This paper argues that Beatrice in Chinua Achebe’s Anthills of the Savannah is a character whose democratic nature creates a place for voices typically excluded in the novel’s government. Functioning under the common assumption that Anthills of the Savannah is a political allegory, it is Beatrice’s democratic nature that makes her an ideal political leader. By blending change and tradition, Beatrice is able to form an inclusive and evolving solution to the novel’s leadership problem. The paper briefly reflects on colonialism’s role in destroying the socioeconomic and political systems already in place in African nations, specifically Nigeria, and the byproduct of this destruction, post-colonialism. This framework is then applied to Achebe’s text, examining how he uses narrative to explore the relationship between post-colonialism, leadership, and gender. The paper analyzes how leadership is presented in the novel, what Beatrice’s style of democracy looks like, and how Beatrice’s unique form of democracy is successful.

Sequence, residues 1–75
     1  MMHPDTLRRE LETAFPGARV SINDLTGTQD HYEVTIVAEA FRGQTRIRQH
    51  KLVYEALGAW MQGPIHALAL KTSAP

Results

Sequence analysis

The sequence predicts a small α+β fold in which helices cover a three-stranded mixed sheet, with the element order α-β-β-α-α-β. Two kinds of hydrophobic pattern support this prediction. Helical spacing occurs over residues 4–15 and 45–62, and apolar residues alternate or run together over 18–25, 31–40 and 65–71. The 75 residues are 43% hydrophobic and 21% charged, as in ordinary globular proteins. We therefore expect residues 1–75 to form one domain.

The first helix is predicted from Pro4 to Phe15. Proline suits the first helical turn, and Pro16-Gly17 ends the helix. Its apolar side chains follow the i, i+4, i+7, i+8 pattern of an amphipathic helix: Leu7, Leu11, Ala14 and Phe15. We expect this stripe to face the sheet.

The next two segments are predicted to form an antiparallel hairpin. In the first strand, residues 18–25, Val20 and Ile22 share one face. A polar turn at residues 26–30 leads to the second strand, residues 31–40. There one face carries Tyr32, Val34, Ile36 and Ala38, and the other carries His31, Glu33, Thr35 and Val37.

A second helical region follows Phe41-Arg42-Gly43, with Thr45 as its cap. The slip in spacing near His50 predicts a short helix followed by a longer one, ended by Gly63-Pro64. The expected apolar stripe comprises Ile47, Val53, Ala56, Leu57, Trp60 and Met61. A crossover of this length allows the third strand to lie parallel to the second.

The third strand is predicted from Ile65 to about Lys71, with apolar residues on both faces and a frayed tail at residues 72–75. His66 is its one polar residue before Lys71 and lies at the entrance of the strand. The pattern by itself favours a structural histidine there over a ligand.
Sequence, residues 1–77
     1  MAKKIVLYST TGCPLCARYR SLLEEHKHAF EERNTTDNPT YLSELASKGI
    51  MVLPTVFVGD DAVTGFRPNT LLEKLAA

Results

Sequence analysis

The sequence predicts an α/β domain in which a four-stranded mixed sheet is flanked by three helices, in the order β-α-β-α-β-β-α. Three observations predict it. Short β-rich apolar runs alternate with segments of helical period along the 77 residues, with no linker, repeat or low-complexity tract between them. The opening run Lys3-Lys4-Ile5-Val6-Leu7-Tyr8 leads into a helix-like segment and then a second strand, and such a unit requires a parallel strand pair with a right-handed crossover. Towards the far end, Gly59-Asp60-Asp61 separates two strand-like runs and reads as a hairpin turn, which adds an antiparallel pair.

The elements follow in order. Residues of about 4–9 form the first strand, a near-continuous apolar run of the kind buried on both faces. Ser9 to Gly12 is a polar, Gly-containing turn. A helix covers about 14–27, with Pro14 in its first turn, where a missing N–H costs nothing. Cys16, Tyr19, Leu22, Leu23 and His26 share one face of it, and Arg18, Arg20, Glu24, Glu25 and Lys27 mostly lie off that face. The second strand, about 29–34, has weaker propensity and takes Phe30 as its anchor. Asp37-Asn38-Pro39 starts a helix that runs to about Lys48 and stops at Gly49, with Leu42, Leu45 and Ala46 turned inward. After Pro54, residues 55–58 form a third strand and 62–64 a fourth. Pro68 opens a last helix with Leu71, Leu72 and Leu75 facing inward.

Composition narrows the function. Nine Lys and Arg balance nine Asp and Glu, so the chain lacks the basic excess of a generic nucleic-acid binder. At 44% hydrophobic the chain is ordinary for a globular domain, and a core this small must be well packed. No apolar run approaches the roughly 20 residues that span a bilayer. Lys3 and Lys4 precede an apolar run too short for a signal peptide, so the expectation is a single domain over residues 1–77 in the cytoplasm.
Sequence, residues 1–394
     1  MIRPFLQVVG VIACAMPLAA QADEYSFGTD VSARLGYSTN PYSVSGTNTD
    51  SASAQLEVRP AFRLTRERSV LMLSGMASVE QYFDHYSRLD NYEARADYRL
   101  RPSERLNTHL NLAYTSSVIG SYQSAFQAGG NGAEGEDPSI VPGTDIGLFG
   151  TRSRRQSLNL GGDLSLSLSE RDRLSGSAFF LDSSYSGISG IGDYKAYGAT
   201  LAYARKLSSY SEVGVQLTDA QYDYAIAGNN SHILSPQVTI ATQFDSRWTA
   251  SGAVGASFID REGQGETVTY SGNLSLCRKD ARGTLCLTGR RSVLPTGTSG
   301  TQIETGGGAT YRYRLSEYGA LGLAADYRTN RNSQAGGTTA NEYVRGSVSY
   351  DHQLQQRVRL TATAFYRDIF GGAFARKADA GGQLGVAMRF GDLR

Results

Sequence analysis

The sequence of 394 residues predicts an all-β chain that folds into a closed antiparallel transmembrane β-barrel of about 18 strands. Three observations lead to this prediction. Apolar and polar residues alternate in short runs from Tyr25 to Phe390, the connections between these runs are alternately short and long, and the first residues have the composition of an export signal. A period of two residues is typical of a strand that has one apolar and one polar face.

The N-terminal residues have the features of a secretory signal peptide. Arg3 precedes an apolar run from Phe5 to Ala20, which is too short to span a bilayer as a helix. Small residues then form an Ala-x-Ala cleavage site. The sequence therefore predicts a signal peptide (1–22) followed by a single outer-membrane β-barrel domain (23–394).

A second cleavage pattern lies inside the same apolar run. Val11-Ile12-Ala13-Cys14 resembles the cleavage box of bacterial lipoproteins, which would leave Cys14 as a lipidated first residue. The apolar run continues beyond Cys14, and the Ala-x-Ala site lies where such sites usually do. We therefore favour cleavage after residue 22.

Danielle A. Haque

Date of Degree




Document Type



Master of Arts (MA)




Arts and Humanities

Creative Commons License

Creative Commons Attribution-Noncommercial 4.0 License
This work is licensed under a Creative Commons Attribution-Noncommercial 4.0 License



To view the content in your browser, please download Adobe Reader or, alternately,
you may Download the file to your hard drive.

NOTE: The latest versions of Adobe Reader do not support viewing PDF files within Firefox on Mac OS and if you are using a modern (Intel) Mac, there is no official plugin for viewing PDF files within the browser window.